I just gave a webinar jointly with Rich Duncombe of HP on “Fire Up Your Cross-Company Breakthrough Innovation“. During the audience polling questions, I was struck by how low people set their sights. They take potentially great ideas and make them small, worth only a few million. And then they ask questions like “How to I get executive support?” Making an innovation worth pursuing requires real attention to Formulation, which is often overlooked and needs significant improvement in about 75% of companies.
In giving his Top Ten lessons on how to be successful in Breakthrough Innovation, Rich concluded with one of his major insights: “The more outrageous the vision, the more resilient the program.” In his experience with about 40 major innovation projects, he concluded that people want to take small, safe steps and that this instinct is exactly wrong. Innovation is hard, and fraught with obstacles where the only way forward is for people to pull together and accomplish the unreasonable. It is precisely the motivating power of the outrageous vision that causes people to rally and make things work.
On a poll result during the webinar, largely attended by representatives of large public companies with important growth goals from innovation, about 60% of the respondents said that their innovation could produce $5M or $10M in new revenue (40% answered $50M to $1B). It is hardly worth the effort!
But I don’t think these people are wasting their time, but rather, have missed an important step in the innovation process: Formulation. Most companies think innovation starts with some kind of ideation process, and then a team runs with it. But most projects start as business idea fragment or key insight, not fully Formulated business options. As discussed in the webinar, there is a significant effort that goes into Formulating (and Reformulating) an opportunity, shaping it into something really worth doing.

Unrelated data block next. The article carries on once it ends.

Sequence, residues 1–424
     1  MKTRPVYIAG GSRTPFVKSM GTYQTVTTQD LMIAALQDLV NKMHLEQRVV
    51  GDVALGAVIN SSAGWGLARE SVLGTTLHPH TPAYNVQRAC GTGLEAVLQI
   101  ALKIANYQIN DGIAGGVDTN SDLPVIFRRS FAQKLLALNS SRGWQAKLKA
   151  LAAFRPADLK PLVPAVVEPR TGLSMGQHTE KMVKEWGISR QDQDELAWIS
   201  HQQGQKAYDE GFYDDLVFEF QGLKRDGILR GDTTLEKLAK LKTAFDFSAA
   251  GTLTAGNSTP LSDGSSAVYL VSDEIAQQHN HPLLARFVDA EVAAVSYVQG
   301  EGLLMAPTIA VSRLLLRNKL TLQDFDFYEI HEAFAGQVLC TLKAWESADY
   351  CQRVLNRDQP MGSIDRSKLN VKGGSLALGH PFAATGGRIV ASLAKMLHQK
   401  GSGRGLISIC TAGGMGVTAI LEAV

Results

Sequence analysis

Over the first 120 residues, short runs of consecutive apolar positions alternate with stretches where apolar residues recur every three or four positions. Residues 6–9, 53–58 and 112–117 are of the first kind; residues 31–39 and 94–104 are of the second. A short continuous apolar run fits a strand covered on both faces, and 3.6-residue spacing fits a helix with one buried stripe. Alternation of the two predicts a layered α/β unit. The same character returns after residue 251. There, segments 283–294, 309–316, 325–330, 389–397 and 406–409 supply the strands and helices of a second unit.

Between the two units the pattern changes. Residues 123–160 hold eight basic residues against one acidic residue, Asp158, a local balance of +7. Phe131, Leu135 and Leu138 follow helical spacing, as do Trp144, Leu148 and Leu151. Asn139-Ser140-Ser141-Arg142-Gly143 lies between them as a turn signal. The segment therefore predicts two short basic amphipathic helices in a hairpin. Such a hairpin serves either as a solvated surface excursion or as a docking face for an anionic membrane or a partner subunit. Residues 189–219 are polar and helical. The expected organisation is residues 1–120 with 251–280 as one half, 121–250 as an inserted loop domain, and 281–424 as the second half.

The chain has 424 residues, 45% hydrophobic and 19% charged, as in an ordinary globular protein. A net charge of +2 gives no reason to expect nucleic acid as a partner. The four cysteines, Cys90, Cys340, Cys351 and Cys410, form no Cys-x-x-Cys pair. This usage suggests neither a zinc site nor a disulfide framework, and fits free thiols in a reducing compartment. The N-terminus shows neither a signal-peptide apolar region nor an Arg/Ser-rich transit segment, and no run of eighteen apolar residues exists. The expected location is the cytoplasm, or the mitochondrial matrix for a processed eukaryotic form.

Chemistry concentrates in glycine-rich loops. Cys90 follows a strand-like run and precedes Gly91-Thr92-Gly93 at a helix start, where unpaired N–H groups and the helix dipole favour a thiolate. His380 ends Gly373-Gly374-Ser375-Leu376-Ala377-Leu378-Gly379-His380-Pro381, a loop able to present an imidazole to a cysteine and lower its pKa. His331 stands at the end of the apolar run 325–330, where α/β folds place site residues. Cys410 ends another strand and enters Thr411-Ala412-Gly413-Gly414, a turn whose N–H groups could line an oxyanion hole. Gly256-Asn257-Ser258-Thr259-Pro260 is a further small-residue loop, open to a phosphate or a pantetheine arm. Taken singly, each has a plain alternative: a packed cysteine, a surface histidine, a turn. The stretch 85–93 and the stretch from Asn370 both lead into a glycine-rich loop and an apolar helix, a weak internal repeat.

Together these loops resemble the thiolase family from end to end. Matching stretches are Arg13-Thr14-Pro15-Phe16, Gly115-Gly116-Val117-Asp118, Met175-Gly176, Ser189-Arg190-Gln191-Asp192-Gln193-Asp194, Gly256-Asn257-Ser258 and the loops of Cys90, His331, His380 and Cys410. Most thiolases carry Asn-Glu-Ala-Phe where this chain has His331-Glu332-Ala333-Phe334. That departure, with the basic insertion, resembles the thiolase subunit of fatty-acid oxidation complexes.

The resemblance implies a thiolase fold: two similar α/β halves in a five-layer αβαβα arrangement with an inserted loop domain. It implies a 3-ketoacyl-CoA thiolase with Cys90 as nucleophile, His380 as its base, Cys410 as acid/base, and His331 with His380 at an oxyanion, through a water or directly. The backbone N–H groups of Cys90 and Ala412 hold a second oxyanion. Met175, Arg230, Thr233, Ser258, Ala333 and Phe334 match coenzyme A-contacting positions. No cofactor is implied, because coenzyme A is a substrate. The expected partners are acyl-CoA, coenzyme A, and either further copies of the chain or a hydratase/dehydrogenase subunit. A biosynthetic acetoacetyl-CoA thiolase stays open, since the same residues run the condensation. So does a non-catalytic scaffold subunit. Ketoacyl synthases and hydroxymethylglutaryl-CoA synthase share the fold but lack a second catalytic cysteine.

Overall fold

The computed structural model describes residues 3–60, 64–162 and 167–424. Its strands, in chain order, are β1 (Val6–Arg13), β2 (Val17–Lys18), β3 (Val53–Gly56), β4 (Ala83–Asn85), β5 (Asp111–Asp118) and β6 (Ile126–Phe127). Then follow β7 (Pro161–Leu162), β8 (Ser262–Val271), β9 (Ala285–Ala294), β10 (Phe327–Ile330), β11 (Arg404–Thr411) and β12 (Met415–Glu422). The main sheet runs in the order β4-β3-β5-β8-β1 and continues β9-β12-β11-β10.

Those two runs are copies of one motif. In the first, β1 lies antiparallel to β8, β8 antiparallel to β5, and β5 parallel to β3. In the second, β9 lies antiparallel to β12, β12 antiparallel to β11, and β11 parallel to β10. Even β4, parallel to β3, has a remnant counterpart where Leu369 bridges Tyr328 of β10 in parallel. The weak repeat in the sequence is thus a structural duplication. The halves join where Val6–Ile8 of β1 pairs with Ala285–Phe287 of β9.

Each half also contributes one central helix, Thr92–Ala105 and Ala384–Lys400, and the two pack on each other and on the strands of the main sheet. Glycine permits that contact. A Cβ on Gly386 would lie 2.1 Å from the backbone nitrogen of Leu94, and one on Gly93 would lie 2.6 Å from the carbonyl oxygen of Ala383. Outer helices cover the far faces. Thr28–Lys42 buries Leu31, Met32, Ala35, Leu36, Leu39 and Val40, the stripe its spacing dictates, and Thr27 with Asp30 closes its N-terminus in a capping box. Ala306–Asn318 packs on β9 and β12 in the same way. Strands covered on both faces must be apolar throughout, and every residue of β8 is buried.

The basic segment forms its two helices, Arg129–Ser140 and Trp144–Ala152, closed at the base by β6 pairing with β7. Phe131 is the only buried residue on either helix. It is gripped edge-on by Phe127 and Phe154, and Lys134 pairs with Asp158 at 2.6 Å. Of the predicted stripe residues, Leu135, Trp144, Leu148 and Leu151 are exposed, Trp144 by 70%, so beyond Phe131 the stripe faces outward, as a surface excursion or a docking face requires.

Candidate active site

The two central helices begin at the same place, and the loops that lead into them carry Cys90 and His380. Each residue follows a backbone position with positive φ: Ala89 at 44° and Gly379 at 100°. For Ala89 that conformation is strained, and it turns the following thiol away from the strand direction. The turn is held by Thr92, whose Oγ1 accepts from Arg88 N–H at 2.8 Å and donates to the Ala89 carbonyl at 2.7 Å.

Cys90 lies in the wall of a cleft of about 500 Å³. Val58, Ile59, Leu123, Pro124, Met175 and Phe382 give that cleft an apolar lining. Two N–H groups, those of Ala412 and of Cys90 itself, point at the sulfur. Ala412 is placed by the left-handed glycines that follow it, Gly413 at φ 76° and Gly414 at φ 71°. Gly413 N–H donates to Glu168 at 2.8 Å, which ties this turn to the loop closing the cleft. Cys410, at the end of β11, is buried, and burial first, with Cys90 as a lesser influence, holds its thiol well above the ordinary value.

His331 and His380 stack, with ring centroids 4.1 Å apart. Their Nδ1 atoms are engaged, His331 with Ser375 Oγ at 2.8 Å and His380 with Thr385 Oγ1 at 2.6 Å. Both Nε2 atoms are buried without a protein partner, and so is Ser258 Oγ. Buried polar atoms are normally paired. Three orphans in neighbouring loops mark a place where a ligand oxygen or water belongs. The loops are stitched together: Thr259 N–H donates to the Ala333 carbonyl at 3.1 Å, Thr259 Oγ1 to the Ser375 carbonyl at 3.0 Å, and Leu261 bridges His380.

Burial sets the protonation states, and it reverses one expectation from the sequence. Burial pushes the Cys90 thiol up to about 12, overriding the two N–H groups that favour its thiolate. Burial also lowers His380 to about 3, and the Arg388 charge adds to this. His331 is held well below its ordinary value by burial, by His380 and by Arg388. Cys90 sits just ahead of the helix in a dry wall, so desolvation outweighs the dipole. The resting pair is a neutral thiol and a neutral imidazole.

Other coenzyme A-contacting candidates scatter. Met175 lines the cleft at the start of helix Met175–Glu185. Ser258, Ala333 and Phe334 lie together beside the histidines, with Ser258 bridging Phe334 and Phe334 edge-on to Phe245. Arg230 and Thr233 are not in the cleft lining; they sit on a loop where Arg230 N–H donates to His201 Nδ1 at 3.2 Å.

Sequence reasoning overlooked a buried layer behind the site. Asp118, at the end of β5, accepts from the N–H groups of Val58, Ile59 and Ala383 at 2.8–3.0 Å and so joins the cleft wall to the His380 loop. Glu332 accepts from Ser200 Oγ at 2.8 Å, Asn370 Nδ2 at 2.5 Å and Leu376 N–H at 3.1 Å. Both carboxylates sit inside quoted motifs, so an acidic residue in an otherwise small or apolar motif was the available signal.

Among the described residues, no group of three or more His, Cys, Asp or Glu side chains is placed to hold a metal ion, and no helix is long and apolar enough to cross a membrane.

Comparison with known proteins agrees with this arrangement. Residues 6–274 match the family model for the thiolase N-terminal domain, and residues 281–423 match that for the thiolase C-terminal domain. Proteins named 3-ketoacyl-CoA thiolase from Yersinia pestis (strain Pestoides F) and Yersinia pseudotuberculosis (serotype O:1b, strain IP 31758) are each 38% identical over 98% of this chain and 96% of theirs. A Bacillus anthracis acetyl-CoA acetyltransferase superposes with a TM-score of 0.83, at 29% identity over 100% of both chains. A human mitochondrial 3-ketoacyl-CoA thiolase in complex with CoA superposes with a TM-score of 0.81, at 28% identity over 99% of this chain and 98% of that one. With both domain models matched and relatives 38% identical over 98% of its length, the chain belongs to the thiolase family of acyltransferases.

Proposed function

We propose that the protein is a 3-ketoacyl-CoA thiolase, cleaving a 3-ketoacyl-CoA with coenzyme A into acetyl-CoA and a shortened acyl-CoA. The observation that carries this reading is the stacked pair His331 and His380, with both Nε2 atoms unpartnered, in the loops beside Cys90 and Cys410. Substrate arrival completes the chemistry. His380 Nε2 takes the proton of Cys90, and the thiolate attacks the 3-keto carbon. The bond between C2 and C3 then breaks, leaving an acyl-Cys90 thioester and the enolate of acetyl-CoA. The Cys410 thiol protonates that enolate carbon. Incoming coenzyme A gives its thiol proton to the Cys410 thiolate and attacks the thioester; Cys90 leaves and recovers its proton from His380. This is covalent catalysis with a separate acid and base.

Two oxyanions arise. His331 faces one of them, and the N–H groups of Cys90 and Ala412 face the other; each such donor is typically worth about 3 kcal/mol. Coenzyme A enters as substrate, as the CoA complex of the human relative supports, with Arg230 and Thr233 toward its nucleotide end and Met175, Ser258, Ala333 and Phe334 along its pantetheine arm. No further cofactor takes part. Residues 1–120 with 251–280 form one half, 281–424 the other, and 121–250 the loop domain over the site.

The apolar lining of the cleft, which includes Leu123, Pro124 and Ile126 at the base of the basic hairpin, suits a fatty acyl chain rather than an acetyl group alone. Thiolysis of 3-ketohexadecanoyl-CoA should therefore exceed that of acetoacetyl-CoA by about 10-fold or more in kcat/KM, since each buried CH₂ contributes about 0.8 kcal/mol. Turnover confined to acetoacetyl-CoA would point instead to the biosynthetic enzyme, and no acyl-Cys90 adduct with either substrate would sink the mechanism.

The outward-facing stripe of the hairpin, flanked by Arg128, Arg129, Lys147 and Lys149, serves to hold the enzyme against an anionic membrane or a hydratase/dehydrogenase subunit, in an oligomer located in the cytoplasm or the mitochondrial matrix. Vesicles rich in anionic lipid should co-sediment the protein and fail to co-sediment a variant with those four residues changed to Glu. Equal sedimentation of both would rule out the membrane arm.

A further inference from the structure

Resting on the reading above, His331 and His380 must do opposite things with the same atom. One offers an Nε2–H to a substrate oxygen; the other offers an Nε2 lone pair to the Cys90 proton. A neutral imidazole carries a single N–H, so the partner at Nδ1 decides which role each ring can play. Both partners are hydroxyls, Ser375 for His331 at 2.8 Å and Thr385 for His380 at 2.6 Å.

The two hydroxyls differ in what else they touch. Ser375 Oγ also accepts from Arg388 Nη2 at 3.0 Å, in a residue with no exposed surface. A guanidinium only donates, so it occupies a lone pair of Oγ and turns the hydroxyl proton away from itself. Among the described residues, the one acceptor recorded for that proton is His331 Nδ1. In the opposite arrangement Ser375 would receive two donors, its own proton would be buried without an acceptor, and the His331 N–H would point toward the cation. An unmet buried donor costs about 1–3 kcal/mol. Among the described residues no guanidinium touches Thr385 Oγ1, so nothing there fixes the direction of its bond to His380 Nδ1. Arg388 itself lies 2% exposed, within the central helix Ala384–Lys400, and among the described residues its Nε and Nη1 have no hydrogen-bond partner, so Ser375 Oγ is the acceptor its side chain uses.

For example, one company I worked with had the idea that motor oil could be packaged in cardboard boxes. They had a committed innovator with unique insight into the market and the problem working on it. He had a great vision: to change the value chain for how motor oil is distributed through new packaging, as his company had done in other industries. There are many benefits such as greener packaging, better storage and lower cost. The innovator skipped the Formulation step and jumped right into to developing the product with a lead customer, a major motor oil brand. Against all odds, the product worked and delivered the benefits. Yet because of the way the project was run, the company was blindsided when the lead customer took the key patent and then decided to sit on the innovation because it competed with their traditional product line.
This is a failure of Formulation: the innovator just assumed that if they could make it work for a lead customer they would make a major dent on the world. He had never even considered important questions like how many lead customers he would need, who really wanted the product (is it the oil producer or the retail store or the shop or …), how it the product would be best sold, etc. Further he had never considered the major contingencies and proof points between his idea and changing the world. Certainly, getting a lead customer is one of them, but not the only one.
This is not an isolated instance. In another poll question, people were asked which step in the innovation process they most needed to improve. About 75% mentioned the Formulate phase as most needing improvement! Overlooking the Formulation phase is a systematic issue. And its absence results in a sort of trap of mediocrity, where ideas stay in one’s immediate comfort zone and are never expanded to be the truly great opportunity they really present.
As the webinar illustrates, HP’s idea started small, as a high precision sensing device. Through a series of Formulations and Reformulations, they joined with Shell and expanded the idea to seismic sensing for oil fields, a billion dollar idea.
You can do the same.